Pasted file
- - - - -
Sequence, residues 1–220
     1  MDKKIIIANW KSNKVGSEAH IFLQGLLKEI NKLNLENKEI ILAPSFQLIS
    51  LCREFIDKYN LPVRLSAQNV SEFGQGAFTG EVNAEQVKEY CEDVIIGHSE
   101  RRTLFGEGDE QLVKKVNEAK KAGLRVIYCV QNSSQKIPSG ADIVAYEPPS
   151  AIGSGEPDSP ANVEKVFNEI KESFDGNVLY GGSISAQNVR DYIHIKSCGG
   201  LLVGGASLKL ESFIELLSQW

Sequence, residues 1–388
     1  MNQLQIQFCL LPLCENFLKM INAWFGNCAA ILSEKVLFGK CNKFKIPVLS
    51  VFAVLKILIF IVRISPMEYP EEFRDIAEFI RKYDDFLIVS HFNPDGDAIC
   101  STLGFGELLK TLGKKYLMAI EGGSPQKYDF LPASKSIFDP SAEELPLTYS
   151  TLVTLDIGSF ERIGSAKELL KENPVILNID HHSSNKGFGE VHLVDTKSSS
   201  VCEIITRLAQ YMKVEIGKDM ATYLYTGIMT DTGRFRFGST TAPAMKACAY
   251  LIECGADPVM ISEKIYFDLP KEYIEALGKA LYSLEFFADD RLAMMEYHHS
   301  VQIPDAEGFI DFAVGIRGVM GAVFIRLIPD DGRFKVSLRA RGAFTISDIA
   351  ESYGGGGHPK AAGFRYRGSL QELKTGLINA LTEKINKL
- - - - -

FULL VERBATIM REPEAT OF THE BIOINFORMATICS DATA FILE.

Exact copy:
Sequence, residues 1–220
     1  MDKKIIIANW KSNKVGSEAH IFLQGLLKEI NKLNLENKEI ILAPSFQLIS
    51  LCREFIDKYN LPVRLSAQNV SEFGQGAFTG EVNAEQVKEY CEDVIIGHSE
   101  RRTLFGEGDE QLVKKVNEAK KAGLRVIYCV QNSSQKIPSG ADIVAYEPPS
   151  AIGSGEPDSP ANVEKVFNEI KESFDGNVLY GGSISAQNVR DYIHIKSCGG
   201  LLVGGASLKL ESFIELLSQW

Sequence, residues 1–388
     1  MNQLQIQFCL LPLCENFLKM INAWFGNCAA ILSEKVLFGK CNKFKIPVLS
    51  VFAVLKILIF IVRISPMEYP EEFRDIAEFI RKYDDFLIVS HFNPDGDAIC
   101  STLGFGELLK TLGKKYLMAI EGGSPQKYDF LPASKSIFDP SAEELPLTYS
   151  TLVTLDIGSF ERIGSAKELL KENPVILNID HHSSNKGFGE VHLVDTKSSS
   201  VCEIITRLAQ YMKVEIGKDM ATYLYTGIMT DTGRFRFGST TAPAMKACAY
   251  LIECGADPVM ISEKIYFDLP KEYIEALGKA LYSLEFFADD RLAMMEYHHS
   301  VQIPDAEGFI DFAVGIRGVM GAVFIRLIPD DGRFKVSLRA RGAFTISDIA
   351  ESYGGGGHPK AAGFRYRGSL QELKTGLINA LTEKINKL